Federal Reserve Chair Jerome H. Powell, one of the nation’s top economic policymakers, predicted the economy is not going to plunge into a deep downturn this year.
“I don’t see a recession” in 2019, Powell said Thursday in an interview at the Economic Club of Washington, D.C. “The U.S. economy is solid. It has good momentum coming into this year.”
Several prominent economists and investors have said there’s a heightened chance of a recession by 2020. Lawrence Summers, a Harvard University professor and former treasury secretary under President Bill Clinton, said this week that he thinks there’s “better than a 50/50 chance” of a recession in 2020.
Powell stressed that the Fed is “watching” the situation closely and monitoring potential cracks in the economy. His biggest concern is weakening growth in China and Europe, although he warned that a prolonged U.S. government shutdown could become a drag on the economy.
“The principal worry I would have is really global growth,” Powell said, but he added: “I still think the most likely baseline case for China is another year of solid growth.”
The Fed chair, who has been publicly criticized repeatedly by President Trump in recent months, warned that if there is an “extended shutdown,” it would have an impact on the economy that “would show up in the data pretty clearly.”
JPMorgan Chase has estimated that the partial government shutdown — which is 20 days old Thursday — is shaving $1.5 billion off the economy each week, a modest amount in the context of a $20 trillion economy, but the damages will keep growing.
While there is wide agreement that the U.S. economy will grow more slowly than the roughly 3 percent rate of 2018, there’s a lot of debate about how rapid and steep the slowdown will be. The Fed is projecting 2.3 percent growth this year, but the precipitous stock market drop in December was partly driven by fears that growth will be significantly lower than that.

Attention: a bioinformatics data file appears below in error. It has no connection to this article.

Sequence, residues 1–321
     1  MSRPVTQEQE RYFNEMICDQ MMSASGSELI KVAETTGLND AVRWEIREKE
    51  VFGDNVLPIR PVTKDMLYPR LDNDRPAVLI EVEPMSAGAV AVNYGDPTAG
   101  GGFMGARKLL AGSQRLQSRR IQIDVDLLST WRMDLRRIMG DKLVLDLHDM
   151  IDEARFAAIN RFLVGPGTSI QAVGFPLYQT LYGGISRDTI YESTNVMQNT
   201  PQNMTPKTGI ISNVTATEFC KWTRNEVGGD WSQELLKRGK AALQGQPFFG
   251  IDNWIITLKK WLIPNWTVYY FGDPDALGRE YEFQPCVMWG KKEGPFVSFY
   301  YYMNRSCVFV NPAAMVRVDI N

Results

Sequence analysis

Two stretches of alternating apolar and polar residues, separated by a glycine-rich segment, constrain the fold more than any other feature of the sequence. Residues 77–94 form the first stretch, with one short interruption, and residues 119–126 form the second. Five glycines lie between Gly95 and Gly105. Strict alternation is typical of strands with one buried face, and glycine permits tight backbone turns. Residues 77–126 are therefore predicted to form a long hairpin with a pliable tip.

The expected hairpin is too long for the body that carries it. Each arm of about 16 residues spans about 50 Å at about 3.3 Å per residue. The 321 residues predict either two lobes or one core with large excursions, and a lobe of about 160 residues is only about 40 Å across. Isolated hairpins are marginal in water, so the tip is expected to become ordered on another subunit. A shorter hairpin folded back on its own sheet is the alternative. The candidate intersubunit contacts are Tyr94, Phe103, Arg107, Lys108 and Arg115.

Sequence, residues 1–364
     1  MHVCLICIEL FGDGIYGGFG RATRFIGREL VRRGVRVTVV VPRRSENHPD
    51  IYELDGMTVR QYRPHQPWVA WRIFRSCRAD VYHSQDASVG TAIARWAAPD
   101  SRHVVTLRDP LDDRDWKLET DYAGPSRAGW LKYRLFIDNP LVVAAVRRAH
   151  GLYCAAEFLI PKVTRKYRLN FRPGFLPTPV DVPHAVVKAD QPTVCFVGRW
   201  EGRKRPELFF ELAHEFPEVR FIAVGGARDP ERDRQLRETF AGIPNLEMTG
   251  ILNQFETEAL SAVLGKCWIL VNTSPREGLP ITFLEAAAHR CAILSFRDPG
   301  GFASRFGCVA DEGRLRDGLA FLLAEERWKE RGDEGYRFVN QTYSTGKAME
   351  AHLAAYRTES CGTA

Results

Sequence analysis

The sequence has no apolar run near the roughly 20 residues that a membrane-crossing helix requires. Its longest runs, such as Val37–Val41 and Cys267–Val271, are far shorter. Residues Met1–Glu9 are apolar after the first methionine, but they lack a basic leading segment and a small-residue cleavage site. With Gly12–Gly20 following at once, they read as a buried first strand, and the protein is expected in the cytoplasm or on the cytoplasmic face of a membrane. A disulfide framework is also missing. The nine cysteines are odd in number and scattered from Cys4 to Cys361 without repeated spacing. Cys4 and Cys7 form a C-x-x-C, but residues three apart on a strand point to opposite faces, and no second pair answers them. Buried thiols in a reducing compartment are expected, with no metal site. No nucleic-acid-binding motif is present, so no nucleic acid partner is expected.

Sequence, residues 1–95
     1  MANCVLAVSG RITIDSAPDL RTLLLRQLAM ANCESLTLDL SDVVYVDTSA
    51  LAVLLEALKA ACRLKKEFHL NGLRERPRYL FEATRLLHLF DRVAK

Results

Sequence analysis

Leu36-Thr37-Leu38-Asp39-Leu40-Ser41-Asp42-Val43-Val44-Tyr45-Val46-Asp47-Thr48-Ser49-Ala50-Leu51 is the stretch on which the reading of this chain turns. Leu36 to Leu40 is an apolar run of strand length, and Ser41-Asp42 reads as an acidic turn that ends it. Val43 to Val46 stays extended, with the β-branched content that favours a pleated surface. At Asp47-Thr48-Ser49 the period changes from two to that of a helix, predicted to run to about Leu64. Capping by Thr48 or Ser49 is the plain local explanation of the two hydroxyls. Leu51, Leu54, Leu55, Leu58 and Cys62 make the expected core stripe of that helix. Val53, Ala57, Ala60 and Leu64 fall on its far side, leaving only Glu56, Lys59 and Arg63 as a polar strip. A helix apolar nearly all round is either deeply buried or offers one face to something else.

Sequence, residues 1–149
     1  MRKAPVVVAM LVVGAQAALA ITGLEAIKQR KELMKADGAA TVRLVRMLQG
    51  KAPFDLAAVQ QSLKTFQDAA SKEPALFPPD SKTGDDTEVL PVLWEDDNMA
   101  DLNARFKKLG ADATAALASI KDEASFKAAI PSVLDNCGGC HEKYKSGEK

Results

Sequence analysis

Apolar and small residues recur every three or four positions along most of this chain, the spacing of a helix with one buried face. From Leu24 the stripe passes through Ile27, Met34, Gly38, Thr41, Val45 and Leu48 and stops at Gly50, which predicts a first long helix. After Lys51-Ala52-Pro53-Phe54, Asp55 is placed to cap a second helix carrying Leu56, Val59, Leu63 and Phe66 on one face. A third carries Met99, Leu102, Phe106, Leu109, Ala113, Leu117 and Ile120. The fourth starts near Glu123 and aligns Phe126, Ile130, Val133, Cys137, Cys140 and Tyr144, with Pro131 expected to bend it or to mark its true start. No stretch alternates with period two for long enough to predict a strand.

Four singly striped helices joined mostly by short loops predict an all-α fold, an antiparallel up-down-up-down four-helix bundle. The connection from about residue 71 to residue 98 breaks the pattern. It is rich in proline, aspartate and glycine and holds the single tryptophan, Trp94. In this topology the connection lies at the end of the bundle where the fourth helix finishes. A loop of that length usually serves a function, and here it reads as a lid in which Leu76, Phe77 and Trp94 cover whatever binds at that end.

Recessions are typically caused by inflation rising quickly and forcing the Fed to respond with high interest rates, or by some sort of bubble in markets. “We don’t see those risks,” the Fed leader said.
Powell also noted that it’s a problem that the Commerce Department is mostly shuttered, which means key economic data such as retail sales and growth in gross domestic product won’t be released later this month unless the government reopens. That makes it harder for the Fed — and investors and government officials — to understand how the economy is doing.
Trump has urged the Fed not to raise interest rates at all this year. The Fed has projected two more rate hikes, but Powell is now signaling that the Fed will be “patient” on any further hikes.
Asked Thursday if the central bank intends to raise rates at its meeting at the end of January, Powell said, “You should anticipate we’re going to be patient and watching,” which was widely interpreted as a “no.”
Wall Street traders see a 99.5 percent chance the Fed won’t increase at the end of January, according to data compiled by CME Group.
Many business leaders remain optimistic about the U.S. economy this year despite higher interest rates and large swings in the stock market. The U.S. Chamber of Commerce, which represents millions of businesses, projects low unemployment, modest inflation and 2.6 percent growth for 2019.
“There are some who seem determined to talk us into a downturn,” Thomas J. Donohue, president of the U.S. Chamber, said in a speech Thursday. “But rumblings of a recession just don’t match up with reality.”